Phosphorus nutrition of rice and temporary loss of soil-water saturation in lowland soils of Cambodia
Seng, V., Bell, R.W., Willett, I.R. and Nesbitt, H.J. (2000) Phosphorus nutrition of rice and temporary loss of soil-water saturation in lowland soils of Cambodia. In: Soils 2000 : making our science more useable : proceedings of conference Muresk Institute of Agriculture, 11 - 13 July, Northam, WA, Australia pp. 189-194.
In the rainfed lowlands, temporary loss of soil-water saturation during crop growth is a common factor limiting rice (Oryza sativa L.) yield but its effects on phosphorus (P) availability are poorly understood. Rice plants were transplanted into pots containing soils that were either continuously flooded, maintained at field capacity or flooded and then dried to field capacity for 3 weeks during the vegetative stage. A black clay soil (Kandic Plinthaquult) from south-east Cambodia were studied with or without amendment by rice straw and P fertilizer. Under continuously flooded conditions, the growth of rice was vigorous without straw addition and there was a strong response of rice growth to the addition of P fertilizer. The soil underwent reduction, which increased pH from 4.2 to 5.5 in the black clay. By contrast, a loss of soil-water saturation 3 weeks before panicle initiation (PI) markedly impaired the growth of rice. This was not through any effect of water stress, and the growth reductions were not as strong as with continued loss of soil-water saturation from transplanting to PI. Fluctuations in soil pH and Eh corresponded closely to changes in soil-water regimes. Growth reductions were attributed to decreased shoot P levels resulting from the decline in P availability during the loss of soil-water saturation. The addition of rice straw stimulated soil reduction and lessened changes in soil pH and Eh during the loss of soil-water saturation in both soils. Straw addition enhanced P uptake by the rice plants during loss of soil-water saturation, but its beneficial effects could not be attributed to the direct addition of P, N or K to the soils. Thus the application of rice straw may be effective in lessening the effects of temporary loss of soil-water saturation on rice growth in lowland rice soils by minimising the decline in P availability.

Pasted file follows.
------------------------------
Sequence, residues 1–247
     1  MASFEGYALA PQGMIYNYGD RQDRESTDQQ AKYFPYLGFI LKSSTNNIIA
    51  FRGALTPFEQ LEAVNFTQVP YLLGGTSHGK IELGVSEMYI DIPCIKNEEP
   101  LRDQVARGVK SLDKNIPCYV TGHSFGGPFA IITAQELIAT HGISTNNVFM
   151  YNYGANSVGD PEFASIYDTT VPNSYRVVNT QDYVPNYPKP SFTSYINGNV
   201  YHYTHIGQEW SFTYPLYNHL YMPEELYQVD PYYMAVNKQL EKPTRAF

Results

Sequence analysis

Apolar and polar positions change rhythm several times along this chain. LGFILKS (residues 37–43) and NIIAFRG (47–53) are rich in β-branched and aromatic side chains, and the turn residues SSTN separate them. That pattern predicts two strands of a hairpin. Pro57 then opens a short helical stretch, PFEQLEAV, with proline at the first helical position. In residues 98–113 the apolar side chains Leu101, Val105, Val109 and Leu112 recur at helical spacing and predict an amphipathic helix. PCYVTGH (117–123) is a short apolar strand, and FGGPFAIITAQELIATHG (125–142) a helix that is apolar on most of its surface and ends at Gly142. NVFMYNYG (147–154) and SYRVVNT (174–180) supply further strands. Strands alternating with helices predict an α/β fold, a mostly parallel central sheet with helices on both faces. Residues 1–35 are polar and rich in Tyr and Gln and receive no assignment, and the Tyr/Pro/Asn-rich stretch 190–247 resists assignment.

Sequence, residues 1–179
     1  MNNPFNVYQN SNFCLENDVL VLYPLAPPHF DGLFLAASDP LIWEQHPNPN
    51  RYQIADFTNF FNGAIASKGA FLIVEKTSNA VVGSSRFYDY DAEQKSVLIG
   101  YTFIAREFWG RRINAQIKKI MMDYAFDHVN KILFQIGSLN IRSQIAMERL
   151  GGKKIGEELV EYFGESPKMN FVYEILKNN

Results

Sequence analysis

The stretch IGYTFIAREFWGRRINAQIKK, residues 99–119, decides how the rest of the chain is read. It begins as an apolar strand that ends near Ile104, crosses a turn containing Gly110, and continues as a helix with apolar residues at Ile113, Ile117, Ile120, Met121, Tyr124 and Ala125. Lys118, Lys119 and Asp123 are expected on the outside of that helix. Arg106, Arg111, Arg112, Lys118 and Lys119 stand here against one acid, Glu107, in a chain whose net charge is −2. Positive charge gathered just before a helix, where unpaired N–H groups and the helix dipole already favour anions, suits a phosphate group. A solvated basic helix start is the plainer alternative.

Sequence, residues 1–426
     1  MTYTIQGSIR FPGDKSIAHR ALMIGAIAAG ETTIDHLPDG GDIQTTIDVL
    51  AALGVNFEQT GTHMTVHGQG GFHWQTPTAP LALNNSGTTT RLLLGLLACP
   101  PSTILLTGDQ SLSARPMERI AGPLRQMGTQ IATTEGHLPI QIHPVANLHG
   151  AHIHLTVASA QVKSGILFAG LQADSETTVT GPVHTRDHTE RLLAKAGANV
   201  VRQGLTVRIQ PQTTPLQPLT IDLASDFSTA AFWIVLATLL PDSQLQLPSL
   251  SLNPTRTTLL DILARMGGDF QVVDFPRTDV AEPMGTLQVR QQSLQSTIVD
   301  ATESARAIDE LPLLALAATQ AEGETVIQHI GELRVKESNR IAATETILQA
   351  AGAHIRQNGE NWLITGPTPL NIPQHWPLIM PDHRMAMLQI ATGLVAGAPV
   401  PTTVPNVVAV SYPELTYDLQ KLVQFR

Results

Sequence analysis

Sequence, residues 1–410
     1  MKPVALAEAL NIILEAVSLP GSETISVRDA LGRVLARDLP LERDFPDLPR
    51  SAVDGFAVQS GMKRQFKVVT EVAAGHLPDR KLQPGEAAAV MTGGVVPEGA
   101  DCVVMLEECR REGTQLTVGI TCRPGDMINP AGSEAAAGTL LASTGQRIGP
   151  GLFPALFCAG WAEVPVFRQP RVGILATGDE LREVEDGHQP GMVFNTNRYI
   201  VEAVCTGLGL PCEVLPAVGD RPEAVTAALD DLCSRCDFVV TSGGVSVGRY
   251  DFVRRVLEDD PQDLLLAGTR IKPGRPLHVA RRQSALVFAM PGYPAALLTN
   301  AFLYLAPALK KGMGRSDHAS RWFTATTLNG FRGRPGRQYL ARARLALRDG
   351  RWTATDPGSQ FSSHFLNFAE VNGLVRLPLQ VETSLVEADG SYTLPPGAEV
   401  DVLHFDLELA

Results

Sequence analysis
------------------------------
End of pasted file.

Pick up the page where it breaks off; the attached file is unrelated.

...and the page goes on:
|Publication Type:||Conference Paper|
|Murdoch Affiliation:||School of Environmental Science|
|Publisher:||Australian Society of Soil Science Inc (WA Branch) and the Environmental Consultants Association (WA Inc.)|
|Copyright:||© Australian Society of Soil Science Inc (WA Branch)|
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